Why we split the our data into training and testinb/dev sets?

Why is ratio is large for training example?
Please someone explain to me I am new here to learn deep learning.

Let assume you want to teach a kid how the letter ‘A’ looks so you show him numerous times that this is how you draw ‘A’ or this is how an ‘A’ looks like. Means you have larger set to train i.e. you write ‘A’ in front of that kid (it is large training set split). Then to evaluate (is kid learned that?) you can show him only 10 or 20 drawings of ‘A’ to guess did the kid understand well…

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Thanks bruh you explained with good example.

Hi @Ahmad_Khalid1

When you’re training a machine learning or deep learning model, you need to ensure that your model is learning from a diverse range of examples and that it can generalize well to new, unseen data. This is where data splitting comes in.

The training set is the portion of your data that you use to actually train your model. It’s like a teacher showing examples to a student. The model learns from these examples by adjusting its internal parameters to fit the patterns and relationships in the data. A larger training set is often preferred because it provides more diverse examples, helping the model learn better.

The testing (or development) set is a separate portion of your data that you don’t use during training. It’s like a final exam for the student. After your model has learned from the training data, you use the testing set to evaluate how well it can generalize to new, unseen examples. This step is crucial to assess the model’s performance on data it hasn’t seen before. The testing set helps you gauge how well your model is likely to perform in real-world scenarios.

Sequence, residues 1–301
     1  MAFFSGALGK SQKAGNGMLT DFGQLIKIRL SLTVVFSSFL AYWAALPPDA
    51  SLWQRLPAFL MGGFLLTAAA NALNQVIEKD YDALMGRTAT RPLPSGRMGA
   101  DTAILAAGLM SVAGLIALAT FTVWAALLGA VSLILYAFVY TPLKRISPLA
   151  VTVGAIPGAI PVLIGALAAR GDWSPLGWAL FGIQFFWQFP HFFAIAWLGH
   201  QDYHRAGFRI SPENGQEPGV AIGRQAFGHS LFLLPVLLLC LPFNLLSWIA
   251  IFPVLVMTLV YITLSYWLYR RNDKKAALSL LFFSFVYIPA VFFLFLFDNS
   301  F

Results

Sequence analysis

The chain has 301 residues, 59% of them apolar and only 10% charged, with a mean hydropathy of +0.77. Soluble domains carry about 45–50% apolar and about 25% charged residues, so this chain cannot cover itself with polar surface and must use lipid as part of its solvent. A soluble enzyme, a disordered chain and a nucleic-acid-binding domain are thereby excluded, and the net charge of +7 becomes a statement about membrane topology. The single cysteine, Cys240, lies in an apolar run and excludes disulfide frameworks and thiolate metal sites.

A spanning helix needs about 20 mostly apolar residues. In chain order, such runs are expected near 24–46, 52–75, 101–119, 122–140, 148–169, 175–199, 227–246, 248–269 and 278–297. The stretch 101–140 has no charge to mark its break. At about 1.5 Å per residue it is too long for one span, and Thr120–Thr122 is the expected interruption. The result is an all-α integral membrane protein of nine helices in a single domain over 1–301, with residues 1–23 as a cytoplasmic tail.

Why Split Data?

  1. Performance Evaluation: By evaluating the model on a separate testing set, you get an unbiased estimate of its performance. This gives you a sense of how well your model is doing and helps you make improvements if needed.
  2. Preventing Overfitting: If you evaluate your model on the same data you used for training, it might seem like it’s performing well, but it could simply be memorizing the examples. The separate testing set helps you catch overfitting, where the model doesn’t generalize well and instead memorizes the training data.

In summary, data splitting into training and testing/development sets is a foundational practice in machine learning and deep learning. It ensures that your model learns from diverse examples and can be evaluated on unseen data, helping you build models that perform well in real-world situations.

Best regards

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